You should list both the general and specific research problems. Your research questions may be stated as such, or perhaps as particular hypotheses, i.e. statements which attempt to explain or predict phenomena. You should also state your relationship to theory: do you have a particular conceptual framework from which you are working? Do you intend to verify a particular theory, or do you intend to generate theory?

What is the significance of the research, in practical as well as scholarly terms? Do others in the field consider it important to answer this question?

Note that the degree to which you can define your research questions depends on whether your research is predominantly quantitative or qualitative. If the former, you should have a clear idea of the research at the outset and therefore be able to formulate precise questions. If the latter, your research will be more exploratory: you will start with general questions, with more specific ones following at a later stage as part of the research process. This should be made clear in the proposal.

Some students may experience difficulties in narrowing in on a particular topic: see the suggestions in the purpose of a research proposal section.


The literature review should not be an open ended review of the field, but a more critical study which looks at the most relevant literature and which places your own research in that context.

"Literature should be used only to support argument or counter-argument and to move understanding forward. Mere lists of references, as in a 'catalogue' of vaguely relevant items, are not acceptable."

Cryer, 2000.

What literature is relevant? You will need to explore recent and relevant research studies, as well as the theoretical literature, and that of the research methodology/ies which you propose to use.

Your literature review should be selective – avoid at all costs an aimless ramble through the subject and a mere chronological summary. Make use of existing literature reviews of the area, for example:

Agnès Durrande-Moreau in 'Waiting for service: ten years of empirical research' (International Journal of Service Industry Management, vol. 10 no. 2) summarises the main studies which have looked at the effect of waiting on customer service.

Do not give accounts of theoretical positions: summarise these by reference to key publications, for example

Pavio's dual coding theory (1986), whereby learning is facilitated if visual and verbal elements are combined, makes reference to Paivio, A. (1986) Mental Representation: A Dual-coding Approach, Oxford University Press, Oxford.

Although you will need to do a literature review in order to formulate your research questions, you won't necessarily have done a complete review of the field at the proposal stage. Instead, this section needs to say how you propose to treat the literature review as part of the research process.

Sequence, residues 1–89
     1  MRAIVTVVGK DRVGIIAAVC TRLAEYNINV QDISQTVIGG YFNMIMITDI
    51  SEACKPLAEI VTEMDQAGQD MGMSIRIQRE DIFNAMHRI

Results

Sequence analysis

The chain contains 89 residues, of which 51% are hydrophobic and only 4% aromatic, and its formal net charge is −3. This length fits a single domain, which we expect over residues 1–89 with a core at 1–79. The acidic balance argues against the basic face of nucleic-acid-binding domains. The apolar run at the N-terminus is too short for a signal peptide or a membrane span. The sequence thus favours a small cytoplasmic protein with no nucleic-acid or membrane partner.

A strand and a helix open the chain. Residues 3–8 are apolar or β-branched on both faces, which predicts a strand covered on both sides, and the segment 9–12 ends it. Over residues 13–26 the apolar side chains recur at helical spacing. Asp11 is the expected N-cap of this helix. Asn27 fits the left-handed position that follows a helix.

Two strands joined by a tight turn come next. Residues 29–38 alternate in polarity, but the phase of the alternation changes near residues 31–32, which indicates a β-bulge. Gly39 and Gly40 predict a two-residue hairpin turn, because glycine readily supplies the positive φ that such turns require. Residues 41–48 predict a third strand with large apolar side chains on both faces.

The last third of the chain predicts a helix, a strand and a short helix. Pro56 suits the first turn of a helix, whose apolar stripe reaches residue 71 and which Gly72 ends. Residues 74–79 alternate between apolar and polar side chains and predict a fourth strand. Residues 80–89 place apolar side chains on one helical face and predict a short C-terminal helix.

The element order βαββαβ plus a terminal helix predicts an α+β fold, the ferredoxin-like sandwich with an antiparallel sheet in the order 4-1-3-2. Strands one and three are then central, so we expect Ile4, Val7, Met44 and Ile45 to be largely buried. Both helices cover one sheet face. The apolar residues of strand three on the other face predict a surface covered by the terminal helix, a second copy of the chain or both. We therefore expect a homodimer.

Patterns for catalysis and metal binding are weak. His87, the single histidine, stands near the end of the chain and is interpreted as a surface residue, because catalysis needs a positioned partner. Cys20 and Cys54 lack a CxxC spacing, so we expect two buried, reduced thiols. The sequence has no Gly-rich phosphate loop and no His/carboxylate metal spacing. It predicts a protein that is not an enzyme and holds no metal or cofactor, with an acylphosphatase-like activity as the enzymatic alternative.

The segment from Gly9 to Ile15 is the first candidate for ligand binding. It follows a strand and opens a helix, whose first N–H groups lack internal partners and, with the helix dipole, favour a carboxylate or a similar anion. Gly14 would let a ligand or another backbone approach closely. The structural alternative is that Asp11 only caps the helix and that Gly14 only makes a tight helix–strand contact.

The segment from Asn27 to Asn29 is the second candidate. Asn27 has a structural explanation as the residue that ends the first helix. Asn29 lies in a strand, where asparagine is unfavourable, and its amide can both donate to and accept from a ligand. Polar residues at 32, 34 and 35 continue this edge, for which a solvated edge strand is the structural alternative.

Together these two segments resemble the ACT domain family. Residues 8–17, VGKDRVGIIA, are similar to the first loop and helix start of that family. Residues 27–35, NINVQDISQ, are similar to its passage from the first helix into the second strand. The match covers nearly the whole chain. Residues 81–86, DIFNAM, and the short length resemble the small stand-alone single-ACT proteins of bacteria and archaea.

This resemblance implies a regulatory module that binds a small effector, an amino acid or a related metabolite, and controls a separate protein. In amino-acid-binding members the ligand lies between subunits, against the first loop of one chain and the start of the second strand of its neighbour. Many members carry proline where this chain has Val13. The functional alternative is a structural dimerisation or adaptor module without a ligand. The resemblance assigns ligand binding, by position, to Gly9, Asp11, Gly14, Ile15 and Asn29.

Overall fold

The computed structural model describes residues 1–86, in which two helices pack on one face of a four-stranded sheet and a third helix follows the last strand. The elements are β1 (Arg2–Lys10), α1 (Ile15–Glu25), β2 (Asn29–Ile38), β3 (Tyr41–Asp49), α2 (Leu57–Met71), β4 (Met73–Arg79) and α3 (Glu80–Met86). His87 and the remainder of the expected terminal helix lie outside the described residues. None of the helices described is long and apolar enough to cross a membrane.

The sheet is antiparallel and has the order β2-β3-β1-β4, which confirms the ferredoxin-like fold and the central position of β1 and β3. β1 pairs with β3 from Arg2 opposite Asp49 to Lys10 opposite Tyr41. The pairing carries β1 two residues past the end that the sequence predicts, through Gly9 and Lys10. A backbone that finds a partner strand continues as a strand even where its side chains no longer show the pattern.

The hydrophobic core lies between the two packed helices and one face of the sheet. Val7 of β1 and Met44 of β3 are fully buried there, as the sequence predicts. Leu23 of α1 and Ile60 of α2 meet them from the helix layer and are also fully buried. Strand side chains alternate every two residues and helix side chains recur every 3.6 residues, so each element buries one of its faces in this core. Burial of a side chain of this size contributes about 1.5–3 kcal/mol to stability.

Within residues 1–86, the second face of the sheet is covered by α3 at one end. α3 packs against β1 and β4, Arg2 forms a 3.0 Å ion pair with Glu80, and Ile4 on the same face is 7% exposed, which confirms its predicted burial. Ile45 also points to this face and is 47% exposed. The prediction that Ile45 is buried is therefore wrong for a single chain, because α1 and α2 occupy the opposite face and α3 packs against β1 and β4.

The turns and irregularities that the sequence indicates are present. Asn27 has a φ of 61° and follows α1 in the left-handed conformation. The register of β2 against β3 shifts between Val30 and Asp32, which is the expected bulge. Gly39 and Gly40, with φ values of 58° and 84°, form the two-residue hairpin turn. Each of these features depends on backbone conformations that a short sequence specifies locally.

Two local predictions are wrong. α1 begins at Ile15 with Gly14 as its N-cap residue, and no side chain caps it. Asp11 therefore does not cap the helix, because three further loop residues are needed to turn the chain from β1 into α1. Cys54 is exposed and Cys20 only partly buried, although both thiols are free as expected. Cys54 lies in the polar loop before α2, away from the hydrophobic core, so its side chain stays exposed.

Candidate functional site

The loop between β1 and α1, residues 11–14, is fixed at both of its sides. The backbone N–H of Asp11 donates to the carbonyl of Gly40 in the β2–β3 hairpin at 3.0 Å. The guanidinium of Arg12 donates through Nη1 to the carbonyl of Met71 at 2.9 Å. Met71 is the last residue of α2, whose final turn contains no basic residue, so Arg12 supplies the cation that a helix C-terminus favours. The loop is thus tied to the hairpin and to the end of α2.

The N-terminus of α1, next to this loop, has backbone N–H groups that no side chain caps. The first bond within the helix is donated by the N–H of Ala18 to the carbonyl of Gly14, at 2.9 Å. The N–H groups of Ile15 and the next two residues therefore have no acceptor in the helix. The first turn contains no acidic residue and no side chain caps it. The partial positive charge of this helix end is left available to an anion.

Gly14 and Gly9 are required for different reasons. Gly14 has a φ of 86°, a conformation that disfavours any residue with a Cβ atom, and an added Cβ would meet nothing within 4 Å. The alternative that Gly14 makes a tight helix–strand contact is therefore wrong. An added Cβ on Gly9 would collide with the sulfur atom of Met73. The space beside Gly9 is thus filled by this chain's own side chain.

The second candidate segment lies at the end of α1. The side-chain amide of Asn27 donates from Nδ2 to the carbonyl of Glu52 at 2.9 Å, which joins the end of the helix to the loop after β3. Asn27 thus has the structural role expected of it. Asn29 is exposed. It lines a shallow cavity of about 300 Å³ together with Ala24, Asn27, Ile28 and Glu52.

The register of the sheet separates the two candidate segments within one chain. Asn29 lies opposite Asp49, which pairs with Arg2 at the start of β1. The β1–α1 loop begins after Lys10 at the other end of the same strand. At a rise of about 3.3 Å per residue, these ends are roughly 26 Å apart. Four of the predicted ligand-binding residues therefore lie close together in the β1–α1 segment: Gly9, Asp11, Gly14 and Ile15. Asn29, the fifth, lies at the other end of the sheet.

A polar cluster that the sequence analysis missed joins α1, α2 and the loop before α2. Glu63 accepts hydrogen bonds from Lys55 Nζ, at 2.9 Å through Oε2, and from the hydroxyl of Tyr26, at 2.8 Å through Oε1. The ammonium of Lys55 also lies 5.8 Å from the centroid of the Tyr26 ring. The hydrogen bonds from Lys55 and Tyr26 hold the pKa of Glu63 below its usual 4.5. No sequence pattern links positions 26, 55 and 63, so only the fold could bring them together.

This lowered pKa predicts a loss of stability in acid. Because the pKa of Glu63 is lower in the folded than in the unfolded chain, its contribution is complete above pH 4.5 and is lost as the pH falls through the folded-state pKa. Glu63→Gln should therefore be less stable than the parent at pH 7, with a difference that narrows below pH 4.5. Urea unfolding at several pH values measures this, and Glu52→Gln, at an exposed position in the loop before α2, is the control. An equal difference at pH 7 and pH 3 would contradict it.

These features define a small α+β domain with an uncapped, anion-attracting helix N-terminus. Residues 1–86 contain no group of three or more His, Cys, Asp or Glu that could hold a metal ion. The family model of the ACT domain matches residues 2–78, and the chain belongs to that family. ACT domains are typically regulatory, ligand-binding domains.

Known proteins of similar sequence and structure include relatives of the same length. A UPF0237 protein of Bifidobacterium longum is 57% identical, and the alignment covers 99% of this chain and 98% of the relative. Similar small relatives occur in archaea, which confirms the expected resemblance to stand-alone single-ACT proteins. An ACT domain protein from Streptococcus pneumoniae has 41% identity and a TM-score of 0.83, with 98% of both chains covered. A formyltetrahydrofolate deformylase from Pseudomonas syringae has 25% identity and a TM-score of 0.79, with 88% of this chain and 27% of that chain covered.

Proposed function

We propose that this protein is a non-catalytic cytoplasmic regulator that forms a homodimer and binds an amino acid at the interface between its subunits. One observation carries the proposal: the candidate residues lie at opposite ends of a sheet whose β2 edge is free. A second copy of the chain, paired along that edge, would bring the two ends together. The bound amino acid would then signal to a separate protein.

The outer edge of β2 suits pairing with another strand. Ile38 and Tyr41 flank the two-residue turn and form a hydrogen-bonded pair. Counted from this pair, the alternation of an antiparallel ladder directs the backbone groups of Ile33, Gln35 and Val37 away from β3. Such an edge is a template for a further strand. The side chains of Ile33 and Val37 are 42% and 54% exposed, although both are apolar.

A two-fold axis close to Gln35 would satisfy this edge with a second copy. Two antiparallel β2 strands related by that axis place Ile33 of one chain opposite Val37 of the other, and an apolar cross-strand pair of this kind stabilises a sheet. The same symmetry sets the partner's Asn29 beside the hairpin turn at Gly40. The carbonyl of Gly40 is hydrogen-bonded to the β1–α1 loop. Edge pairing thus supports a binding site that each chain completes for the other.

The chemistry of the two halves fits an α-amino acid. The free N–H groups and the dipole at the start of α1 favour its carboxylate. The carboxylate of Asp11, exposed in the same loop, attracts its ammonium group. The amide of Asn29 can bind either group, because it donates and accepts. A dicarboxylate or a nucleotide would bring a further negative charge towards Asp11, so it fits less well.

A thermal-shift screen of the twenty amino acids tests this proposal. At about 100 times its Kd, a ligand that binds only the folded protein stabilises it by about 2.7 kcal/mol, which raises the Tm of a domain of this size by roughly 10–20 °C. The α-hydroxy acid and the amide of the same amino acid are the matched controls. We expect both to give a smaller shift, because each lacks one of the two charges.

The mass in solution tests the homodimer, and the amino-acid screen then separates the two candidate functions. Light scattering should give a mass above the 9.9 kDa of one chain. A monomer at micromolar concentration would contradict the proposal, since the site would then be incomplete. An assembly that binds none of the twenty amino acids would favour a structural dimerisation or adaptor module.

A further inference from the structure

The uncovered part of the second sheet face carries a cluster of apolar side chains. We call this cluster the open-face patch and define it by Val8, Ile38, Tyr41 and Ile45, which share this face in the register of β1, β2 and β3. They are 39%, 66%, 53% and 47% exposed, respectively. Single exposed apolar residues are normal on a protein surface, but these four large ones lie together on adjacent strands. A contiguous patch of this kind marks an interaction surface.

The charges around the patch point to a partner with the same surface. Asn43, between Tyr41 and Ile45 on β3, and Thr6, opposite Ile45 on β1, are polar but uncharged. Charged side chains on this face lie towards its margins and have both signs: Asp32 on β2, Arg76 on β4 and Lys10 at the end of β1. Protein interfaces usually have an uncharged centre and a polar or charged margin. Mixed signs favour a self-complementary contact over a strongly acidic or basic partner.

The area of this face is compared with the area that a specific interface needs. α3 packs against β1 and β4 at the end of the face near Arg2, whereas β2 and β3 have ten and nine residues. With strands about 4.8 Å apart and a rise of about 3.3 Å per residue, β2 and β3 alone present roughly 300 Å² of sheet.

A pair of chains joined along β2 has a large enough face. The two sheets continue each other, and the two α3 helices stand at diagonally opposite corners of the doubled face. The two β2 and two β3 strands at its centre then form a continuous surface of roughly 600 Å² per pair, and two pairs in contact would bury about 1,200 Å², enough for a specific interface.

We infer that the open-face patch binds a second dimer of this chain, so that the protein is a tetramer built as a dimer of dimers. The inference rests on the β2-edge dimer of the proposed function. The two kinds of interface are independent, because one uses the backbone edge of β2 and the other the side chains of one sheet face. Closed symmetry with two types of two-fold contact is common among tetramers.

When will it be done, will it be done before or after the empirical research, what will the scope be, and will you be adopting a grounded theory approach, which means looking at new areas and research questions as the research proceeds?

You also need to consider the conceptual framework of your research – are you adopting a particular theoretical framework or testing a theory?

For example, if you are studying organisational behaviour, there are theories on issues such as motivation, stress and group dynamics (Dunford, 2004).

This deductive approach can be relevant in a well-developed field; in a newer field it may be more appropriate to build theory rather than test it.

Finally, although the scholarly literature is really important you should also allow space for your own professional insights, and those of other practitioners.

Methods (including data collection and procedures)

This should look at methodology, i.e. the design of the research, the methods used to collect the data, the sampling plan, and how the data will be analysed.

The methodology connects the data and the research question, and provides a strategic framework for the research. You need to consider whether you will be using predominantly qualitative or quantitative methods, or a combination, and if combining, how.

You also need to consider the research paradigm you are using. Will you follow the traditional scientific paradigm, which suggests that all data are precise and measurable, and so be engaging in quantitative research? Such an approach may not always be appropriate to management, which is concerned at least in part with human subjects and with data which cannot always be precise because it derives from situations which are themselves subject to interpretation.

The paradigm you adopt will affect your choice of research method. If precision is important, you may choose surveys or experiments, but you may also prefer a more humanistic approach in which case you may look for methods which are capable of producing richer data which is more open to interpretation. Such methods will probably involve the researcher in a less objective role, in situations where he or she cannot stand behind the rigour of the instrument, but must interpret. From the point of view of the research, this may be entirely fair, but it needs to be acknowledged, and its position in the research methodology justified.